BETHESDA, MD—A new report revealed a possible link of industrial solvents or benzene to hematopoietic cancers, specifically hairy cell leukemia.

The article in Military Medicine sought to inform clinicians of the updated epidemiology with regard to clinical findings for HCL.1

Uniformed Services University of the Health Sciences-led researchers explained that the industrial solvents benzene and trichloroethylene (TCE) are known carcinogens and had contaminated the drinking water at Marine Corps Base Camp Lejeune, NC, from the 1950s to 1980s.

“Benzene and TCE are linked to the hematopoietic cancers acute myelocytic and lymphocytic leukemia and chronic lymphocytic leukemia,” the authors pointed out. Now, they reported the case of a veteran stationed at Marine Corps Base Camp Lejeune during this period who developed HCL, a rare form of lymphocytic leukemia.

The report reviewed his presentation, medical history, solvent exposure and literature on the carcinogenicity of benzene and TCE, with researchers suggesting this patient represents a possible link of TCE or benzene to HCL. The case also informs clinicians of the updated epidemiology with regard to clinical findings for HCL.”

HCL is an uncommon indolent malignancy of B cells that accounts for 2% of all leukemias, according to background information in the article. It added that clonal B-cell lymphocytes develop BRAF-V600E kinase-activating mutations that cause rearrangements of immunoglobulin genes that infiltrate the reticuloendothelial system.

Classical presentation of HCL includes pancytopenia, aplastic anemia, large mononuclear cells with cytoplasmic projections, and splenomegaly, according to the study team, which added, “Etiology is unclear, though suggestions include occupational and environmental exposures.”

At the same time, the authors discussed the carcinogenicity of several industrial solvents, including benzene and trichloroethylene (TCE). In an International Agency for Research on Cancer (IARC) report, benzene and TCE demonstrated sufficient evidence that they are linked to carcinogens in humans and animals. The article added that human exposure is largely through water sources and in occupations, including dry cleaning, metalworking and construction.

HCL has a median age of onset of 55 years and is three to four times more likely in males, according the authors, with genetics playing little role in the disease. The leukemia has a higher incidence among Caucasians and lower incidence among Asians, Africans and Arabs.

While occupational and environmental risk factors with regards to HCL are still unknown, there appeared to be a link with exposure to cattle farms, pesticides, petroleum products and ionizing radiation, researchers wrote.

In the case presented in the report, the patient is a 59-year-old male veteran with a history of Type II diabetes mellitus, hypertension and a current smoker who presented to establish care. He reported three months of fevers, chills, drenching night sweats, general malaise and fatigue. The patient’s medical exposure history for smoking is significant—a current smoker at half-pack/day with a 40 pack-year. The patient also served in the military at Marine Corps Base Camp Lejeune for five years in the 1970s, although he denied work on farms, with pesticides or petroleum products and radiation work.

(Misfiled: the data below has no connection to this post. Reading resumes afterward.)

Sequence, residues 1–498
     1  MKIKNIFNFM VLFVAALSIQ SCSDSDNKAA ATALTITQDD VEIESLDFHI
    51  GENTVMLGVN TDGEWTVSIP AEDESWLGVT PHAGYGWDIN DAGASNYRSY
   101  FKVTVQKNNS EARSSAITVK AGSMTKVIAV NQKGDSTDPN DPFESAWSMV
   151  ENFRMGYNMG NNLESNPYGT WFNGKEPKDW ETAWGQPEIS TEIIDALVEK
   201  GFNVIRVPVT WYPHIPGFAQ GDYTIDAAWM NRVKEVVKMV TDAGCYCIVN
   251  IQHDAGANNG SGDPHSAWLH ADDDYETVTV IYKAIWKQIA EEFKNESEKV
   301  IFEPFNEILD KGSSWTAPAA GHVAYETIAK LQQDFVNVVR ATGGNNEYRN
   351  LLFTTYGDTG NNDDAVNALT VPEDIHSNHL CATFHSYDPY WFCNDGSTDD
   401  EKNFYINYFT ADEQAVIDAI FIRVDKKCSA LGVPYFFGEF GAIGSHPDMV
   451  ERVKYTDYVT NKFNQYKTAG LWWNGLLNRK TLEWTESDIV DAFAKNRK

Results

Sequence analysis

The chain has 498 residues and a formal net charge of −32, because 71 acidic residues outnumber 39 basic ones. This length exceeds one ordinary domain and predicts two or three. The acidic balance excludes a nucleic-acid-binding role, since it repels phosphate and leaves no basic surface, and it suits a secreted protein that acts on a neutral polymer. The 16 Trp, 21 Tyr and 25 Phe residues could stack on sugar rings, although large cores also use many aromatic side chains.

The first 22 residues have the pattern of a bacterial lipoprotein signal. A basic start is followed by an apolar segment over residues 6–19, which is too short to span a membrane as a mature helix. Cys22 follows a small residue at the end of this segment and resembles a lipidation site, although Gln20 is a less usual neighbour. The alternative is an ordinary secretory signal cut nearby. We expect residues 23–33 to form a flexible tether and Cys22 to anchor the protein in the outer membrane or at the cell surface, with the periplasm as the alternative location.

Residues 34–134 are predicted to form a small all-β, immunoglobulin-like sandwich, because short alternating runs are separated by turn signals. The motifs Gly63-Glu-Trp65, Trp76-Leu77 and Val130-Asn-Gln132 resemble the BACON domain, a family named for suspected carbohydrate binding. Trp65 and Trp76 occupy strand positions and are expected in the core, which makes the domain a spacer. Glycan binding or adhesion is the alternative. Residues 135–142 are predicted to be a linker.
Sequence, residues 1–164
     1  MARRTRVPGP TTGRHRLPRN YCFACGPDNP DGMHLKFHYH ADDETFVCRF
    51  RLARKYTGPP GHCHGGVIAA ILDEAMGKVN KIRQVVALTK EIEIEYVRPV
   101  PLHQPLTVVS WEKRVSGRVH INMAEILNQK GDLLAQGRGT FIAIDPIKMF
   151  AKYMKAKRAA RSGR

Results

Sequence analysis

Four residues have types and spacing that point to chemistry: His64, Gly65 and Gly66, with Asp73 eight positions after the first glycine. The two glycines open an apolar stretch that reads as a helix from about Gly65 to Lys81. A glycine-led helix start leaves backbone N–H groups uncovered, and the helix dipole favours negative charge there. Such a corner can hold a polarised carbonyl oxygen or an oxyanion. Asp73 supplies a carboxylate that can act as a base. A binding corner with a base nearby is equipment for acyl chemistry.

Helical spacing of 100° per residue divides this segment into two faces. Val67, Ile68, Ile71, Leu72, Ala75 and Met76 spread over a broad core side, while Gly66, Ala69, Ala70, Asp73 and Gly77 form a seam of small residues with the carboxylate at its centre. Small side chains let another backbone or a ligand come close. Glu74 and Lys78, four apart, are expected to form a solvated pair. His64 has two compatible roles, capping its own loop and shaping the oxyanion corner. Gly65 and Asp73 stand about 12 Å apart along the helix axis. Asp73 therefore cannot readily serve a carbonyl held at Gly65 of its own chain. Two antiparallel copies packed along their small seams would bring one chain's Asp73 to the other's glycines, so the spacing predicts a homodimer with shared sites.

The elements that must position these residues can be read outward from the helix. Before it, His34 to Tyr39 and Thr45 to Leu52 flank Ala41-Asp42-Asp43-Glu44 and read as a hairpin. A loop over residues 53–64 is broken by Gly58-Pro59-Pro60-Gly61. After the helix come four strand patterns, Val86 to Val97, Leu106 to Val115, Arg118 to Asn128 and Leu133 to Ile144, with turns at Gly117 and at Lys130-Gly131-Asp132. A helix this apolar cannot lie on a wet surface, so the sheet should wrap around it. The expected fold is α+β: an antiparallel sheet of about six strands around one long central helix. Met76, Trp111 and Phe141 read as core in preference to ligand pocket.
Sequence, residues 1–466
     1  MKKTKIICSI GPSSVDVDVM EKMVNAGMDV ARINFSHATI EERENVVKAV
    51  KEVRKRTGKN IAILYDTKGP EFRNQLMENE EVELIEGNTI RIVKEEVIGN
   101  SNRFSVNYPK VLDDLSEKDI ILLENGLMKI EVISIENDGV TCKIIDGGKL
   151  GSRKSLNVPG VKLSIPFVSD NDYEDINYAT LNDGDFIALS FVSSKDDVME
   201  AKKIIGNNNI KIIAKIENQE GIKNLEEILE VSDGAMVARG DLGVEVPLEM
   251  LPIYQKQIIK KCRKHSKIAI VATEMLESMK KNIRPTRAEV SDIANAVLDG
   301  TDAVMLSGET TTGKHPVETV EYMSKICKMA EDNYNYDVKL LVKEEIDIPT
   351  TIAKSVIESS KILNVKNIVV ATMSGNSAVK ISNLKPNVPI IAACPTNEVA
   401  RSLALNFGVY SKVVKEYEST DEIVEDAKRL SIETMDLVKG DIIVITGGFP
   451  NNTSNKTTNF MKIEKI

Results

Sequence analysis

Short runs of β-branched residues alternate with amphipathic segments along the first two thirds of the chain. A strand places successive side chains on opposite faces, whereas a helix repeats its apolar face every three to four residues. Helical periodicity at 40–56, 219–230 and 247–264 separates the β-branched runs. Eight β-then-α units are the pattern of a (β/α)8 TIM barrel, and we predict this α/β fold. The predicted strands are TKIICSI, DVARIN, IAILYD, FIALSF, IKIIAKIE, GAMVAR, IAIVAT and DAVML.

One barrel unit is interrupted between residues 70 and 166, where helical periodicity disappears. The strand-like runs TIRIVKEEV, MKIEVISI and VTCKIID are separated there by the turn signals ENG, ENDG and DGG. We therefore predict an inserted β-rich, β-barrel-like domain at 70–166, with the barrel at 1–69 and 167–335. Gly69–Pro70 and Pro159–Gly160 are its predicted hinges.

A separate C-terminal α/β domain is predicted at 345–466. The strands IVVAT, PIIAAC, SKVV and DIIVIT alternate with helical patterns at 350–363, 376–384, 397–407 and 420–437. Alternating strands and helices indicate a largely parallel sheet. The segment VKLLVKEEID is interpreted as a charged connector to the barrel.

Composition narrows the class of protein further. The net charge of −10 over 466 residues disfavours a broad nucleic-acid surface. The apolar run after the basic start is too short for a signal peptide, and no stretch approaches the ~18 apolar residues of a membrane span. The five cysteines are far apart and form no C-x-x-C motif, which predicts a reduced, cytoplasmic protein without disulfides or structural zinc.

“Our patient’s history was negative for these exposures, though he reported a work history as a plumber. He denied exposure to industrial solvents in his workplace,” according to the study. B-cell malignancies as a whole are linked with exposure to pesticides, herbicides and organic chemicals.

The authors noted that HCL classically presents with splenomegaly and hypocellular bone marrow on aspirate, adding, “His lack of splenomegaly is becoming more common owing to early diagnosis with hematologic studies. Peripheral lymphadenopathy is uncommon, and abdominal lymphadenopathy correlates with duration of disease. Atypically, this patient has a considerable tobacco history of 40 pack-years, and HCL has an inverse relationship with smoking.

What is mysterious, they said, is that, despite benzene and TCE’s known carcinogenicity, there is no known link between HCL and these solvents. The article pointed out that a single study of the affected Camp Lejeune population showed an increased incidence of leukemia, which was extracted from death certificates of the residents but included no HCL codes.

“Of note, this study showed a hazard ratio for hematopoietic cancers of 1.05 with upper confidence limit, lower confidence limit, and P-values of 0.82, 1.33 and 0.57, respectively,” the authors advised. More recent studies show declines in B-cells with exposure to benzene and TCE.

“HCL is an uncommon indolent B-cell malignancy with possible exposure links to cattle farms, pesticides, petroleum products and ionizing radiation,” the researchers concluded. “There is no known link between HCL and industrial solvents, but data on this topic are sparse. This case of a veteran with HCL exposed to drinking water contaminated with these solvents presents a possible link. Further study is needed to determine environmental and occupational exposure risk factors in HCL.”

  1. Green-Lott AM, Singaraju R, Liu ML, Ascensao J. Hairy Cell Leukemia and Ground Water Contamination With Industrial Solvents: a Case Report. Mil Med. 2020 Aug 14;185(7-8):e1338-e1340. doi: 10.1093/milmed/usz484. PMID: 32239156.